Fullhawking's: Current Rectification

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  • #1
enigma
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Fullhawking asked: What would i need to rectify 7.5kV 60mA output from a transformer?

Sorry Fullhawking. I tried merging the threads together, and managed to delete the entire thread...
 

Answers and Replies

  • #2
That’s okay. I screwed up in the first place, still not sure exactly what I would need though. I know a couple of diodes and I guess some capacitors but as for their rating I am at a loss.
 
  • #3
GENIERE
If the transformer does not have a center-tap on the secondary winding, you can get half wave rectification with a single diode, or use four diodes (bridge circuit) to obtain full wave rectification. If the xformer is center-tapped, you can get full wave rectification with two diodes. A capacitor is not needed except if you want to filter the output. The HV diode that’s used in a microwave oven's magnetron circuit may possibly be available from a local appliance repairer and should exceed your voltage and current requirements. Else try a industrial supplier.
 
  • #4
Ahh, thank you. As it turns out I have an old microwave ready to be dicected. The diode was HVR-1, when i searched on the internet I found it was rated at 9kv and something like 120ma not 100% sure on that. Would a neon sign transformer be center tapped?
 
  • #5
Njorl
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If you want a good DC output, go with a rectifying bridge. You can buy them premade, or make one out of 4 diodes. Also, don't just use capacitors to filter, use an RL circuit. When I built a supply for a free electron laser, I made my own inductors with insulated wire wrapped around pipe.

DANGER - any capacitor you use will build up and retain deadly charges. Build in a drain through a big resistor. Even if you do that, always check the cap to make sure it is discharged before working on the supply.

Njorl
 
  • #6
GENIERE
I've never seen a neon light xformer, but I doubt it would be center-tapped. If a xformer has 5 wires or five tabs it's likely to be, but not for certain, center-tapped.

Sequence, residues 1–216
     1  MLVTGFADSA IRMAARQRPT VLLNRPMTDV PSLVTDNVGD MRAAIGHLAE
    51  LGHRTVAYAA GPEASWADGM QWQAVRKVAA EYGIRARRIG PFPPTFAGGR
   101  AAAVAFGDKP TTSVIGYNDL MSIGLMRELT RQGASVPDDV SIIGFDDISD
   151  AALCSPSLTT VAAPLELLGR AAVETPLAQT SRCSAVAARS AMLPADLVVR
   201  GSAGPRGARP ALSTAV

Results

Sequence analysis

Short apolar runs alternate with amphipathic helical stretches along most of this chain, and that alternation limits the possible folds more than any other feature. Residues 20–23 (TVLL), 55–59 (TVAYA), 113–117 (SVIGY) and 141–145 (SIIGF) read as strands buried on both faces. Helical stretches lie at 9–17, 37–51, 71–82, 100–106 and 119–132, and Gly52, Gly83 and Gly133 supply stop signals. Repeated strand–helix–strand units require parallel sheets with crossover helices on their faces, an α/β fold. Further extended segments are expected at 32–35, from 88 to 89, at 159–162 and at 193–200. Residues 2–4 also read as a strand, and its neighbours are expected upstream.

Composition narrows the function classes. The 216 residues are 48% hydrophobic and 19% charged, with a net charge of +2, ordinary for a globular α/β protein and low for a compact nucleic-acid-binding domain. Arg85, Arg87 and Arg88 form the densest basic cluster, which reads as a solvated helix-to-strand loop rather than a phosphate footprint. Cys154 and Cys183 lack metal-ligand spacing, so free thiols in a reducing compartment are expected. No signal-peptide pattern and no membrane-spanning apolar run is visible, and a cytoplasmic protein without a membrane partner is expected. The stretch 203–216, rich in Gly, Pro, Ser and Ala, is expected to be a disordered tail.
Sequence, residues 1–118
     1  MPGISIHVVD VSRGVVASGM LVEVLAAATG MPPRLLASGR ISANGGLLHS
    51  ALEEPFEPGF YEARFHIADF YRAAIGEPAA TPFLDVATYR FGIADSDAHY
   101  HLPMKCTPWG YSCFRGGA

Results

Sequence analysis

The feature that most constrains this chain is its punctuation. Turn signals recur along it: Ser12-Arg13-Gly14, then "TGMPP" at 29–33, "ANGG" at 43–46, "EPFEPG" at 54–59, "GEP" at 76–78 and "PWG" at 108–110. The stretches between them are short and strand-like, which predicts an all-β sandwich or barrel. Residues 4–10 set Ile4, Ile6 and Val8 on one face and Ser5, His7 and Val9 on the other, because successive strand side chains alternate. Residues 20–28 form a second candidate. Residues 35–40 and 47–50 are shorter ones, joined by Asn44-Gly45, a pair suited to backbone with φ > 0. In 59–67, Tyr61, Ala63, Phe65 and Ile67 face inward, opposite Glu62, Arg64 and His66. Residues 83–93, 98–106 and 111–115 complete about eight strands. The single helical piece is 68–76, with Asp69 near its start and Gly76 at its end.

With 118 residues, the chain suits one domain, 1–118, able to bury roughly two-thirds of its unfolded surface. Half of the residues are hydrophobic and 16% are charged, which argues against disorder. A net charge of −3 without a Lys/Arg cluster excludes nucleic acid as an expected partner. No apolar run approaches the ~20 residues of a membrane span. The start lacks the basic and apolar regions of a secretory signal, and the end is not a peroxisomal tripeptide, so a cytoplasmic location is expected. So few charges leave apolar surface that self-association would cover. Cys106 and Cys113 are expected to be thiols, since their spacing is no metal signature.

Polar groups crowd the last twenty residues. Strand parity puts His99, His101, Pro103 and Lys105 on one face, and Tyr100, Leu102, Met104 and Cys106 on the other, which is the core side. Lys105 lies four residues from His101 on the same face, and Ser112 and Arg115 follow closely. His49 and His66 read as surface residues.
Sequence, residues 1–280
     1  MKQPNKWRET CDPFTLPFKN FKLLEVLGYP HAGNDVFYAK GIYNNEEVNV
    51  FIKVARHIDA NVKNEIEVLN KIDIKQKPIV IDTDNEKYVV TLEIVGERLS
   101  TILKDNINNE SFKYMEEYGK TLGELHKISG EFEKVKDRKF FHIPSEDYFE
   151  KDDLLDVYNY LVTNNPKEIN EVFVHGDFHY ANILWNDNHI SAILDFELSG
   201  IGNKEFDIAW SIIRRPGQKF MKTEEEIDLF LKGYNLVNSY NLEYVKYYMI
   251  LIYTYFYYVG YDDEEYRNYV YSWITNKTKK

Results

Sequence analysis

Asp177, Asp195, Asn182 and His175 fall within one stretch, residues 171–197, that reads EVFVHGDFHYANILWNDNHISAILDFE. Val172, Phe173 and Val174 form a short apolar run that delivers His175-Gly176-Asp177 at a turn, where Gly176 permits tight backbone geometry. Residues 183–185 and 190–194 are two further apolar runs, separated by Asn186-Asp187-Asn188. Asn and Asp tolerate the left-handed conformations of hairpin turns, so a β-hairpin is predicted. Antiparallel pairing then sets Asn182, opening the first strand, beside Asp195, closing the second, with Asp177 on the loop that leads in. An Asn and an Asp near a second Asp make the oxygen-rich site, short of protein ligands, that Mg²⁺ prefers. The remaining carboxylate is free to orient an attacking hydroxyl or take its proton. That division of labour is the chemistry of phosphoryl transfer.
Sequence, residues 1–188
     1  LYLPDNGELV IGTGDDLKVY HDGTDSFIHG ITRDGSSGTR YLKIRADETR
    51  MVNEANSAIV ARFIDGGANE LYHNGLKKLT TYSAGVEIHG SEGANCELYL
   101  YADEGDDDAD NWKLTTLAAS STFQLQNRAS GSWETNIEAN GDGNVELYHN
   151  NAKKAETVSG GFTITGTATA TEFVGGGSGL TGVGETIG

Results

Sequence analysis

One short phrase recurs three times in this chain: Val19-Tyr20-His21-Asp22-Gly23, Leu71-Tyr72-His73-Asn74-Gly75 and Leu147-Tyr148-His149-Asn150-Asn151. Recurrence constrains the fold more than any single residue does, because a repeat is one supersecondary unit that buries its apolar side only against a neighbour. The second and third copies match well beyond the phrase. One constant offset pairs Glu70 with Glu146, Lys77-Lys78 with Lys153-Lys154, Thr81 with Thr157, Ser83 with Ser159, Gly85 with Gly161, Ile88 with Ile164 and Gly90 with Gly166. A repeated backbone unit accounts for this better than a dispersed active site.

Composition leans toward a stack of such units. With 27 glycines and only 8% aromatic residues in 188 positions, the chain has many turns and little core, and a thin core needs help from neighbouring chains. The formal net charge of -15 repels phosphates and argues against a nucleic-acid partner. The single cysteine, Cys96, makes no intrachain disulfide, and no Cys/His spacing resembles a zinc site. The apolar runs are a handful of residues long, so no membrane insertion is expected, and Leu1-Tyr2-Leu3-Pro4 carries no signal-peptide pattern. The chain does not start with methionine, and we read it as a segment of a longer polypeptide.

• #7
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In order to rectify any ac current use diodes in any of the configurations suggested. As for size of diodes figure the amount of watts per diode needed. For example, a full wave rectifier, divide total watts by 4 and that is the minimum wattage level diode you need, I always overkill a little to make sure they can dissipate the heat if I over load the circuit. 7.5kV 60mA is what your dealing with so that equals 450 watts of total power available. So 112.4 watts per diode. Then at this point you would want to look at diodes at this wattage level and consider their voltage breakdown levels for reverse bias in order to make sure they can handle the 7.5kv. Then power up your photon particle cannon and let it rip. oh your caps, hmmm lets see, ahh yes very large:) look for any cap that has a rating higher than what the rectified DC voltage level will be and depending on how rapid of discharge you need is your farads. If you are designing a pulse gun or rapid fire quasi pulsed phaser you would need a higher farad for rapid recharge, If you are creating a particle beam that needs to sustain long levels of power lower those farads. If you need that current to sustain better add some huge freakin coils and Please I don't want to be on your enemy list after you build all this stuff.
 
  • #8
Hahahaha. Accually you are very close to what i am building. I hope to use the rectified current to spray charge onto a moving belt for a electrostatic generator of the Van de Graaff type. Another question involving full wave rectification. In a Full Wave Parallel Voltage Multiplier, would the diodes be rated the same or increase with each rung?
 

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